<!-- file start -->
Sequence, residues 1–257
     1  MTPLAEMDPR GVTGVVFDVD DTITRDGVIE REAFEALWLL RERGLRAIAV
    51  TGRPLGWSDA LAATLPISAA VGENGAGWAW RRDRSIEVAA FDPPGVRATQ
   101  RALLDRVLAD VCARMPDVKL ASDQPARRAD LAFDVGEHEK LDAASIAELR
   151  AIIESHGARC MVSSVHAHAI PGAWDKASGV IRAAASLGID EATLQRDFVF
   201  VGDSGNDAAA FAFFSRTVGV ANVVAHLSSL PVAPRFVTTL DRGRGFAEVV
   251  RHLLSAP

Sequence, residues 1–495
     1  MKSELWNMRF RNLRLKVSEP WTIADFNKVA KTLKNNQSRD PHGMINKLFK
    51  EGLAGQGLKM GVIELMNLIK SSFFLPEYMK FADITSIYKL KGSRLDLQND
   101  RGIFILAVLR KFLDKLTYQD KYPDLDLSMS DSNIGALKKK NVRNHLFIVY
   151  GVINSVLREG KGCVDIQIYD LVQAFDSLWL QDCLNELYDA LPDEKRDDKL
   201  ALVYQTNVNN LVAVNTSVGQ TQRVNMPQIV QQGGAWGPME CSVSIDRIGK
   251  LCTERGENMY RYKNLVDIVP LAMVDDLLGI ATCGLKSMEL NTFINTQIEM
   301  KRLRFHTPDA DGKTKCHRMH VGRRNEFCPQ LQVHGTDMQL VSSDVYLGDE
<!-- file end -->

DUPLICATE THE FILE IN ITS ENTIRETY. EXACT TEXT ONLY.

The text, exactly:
Sequence, residues 1–257
     1  MTPLAEMDPR GVTGVVFDVD DTITRDGVIE REAFEALWLL RERGLRAIAV
    51  TGRPLGWSDA LAATLPISAA VGENGAGWAW RRDRSIEVAA FDPPGVRATQ
   101  RALLDRVLAD VCARMPDVKL ASDQPARRAD LAFDVGEHEK LDAASIAELR
   151  AIIESHGARC MVSSVHAHAI PGAWDKASGV IRAAASLGID EATLQRDFVF
   201  VGDSGNDAAA FAFFSRTVGV ANVVAHLSSL PVAPRFVTTL DRGRGFAEVV
   251  RHLLSAP

Sequence, residues 1–495
     1  MKSELWNMRF RNLRLKVSEP WTIADFNKVA KTLKNNQSRD PHGMINKLFK
    51  EGLAGQGLKM GVIELMNLIK SSFFLPEYMK FADITSIYKL KGSRLDLQND
   101  RGIFILAVLR KFLDKLTYQD KYPDLDLSMS DSNIGALKKK NVRNHLFIVY
   151  GVINSVLREG KGCVDIQIYD LVQAFDSLWL QDCLNELYDA LPDEKRDDKL
   201  ALVYQTNVNN LVAVNTSVGQ TQRVNMPQIV QQGGAWGPME CSVSIDRIGK
   251  LCTERGENMY RYKNLVDIVP LAMVDDLLGI ATCGLKSMEL NTFINTQIEM
   301  KRLRFHTPDA DGKTKCHRMH VGRRNEFCPQ LQVHGTDMQL VSSDVYLGDE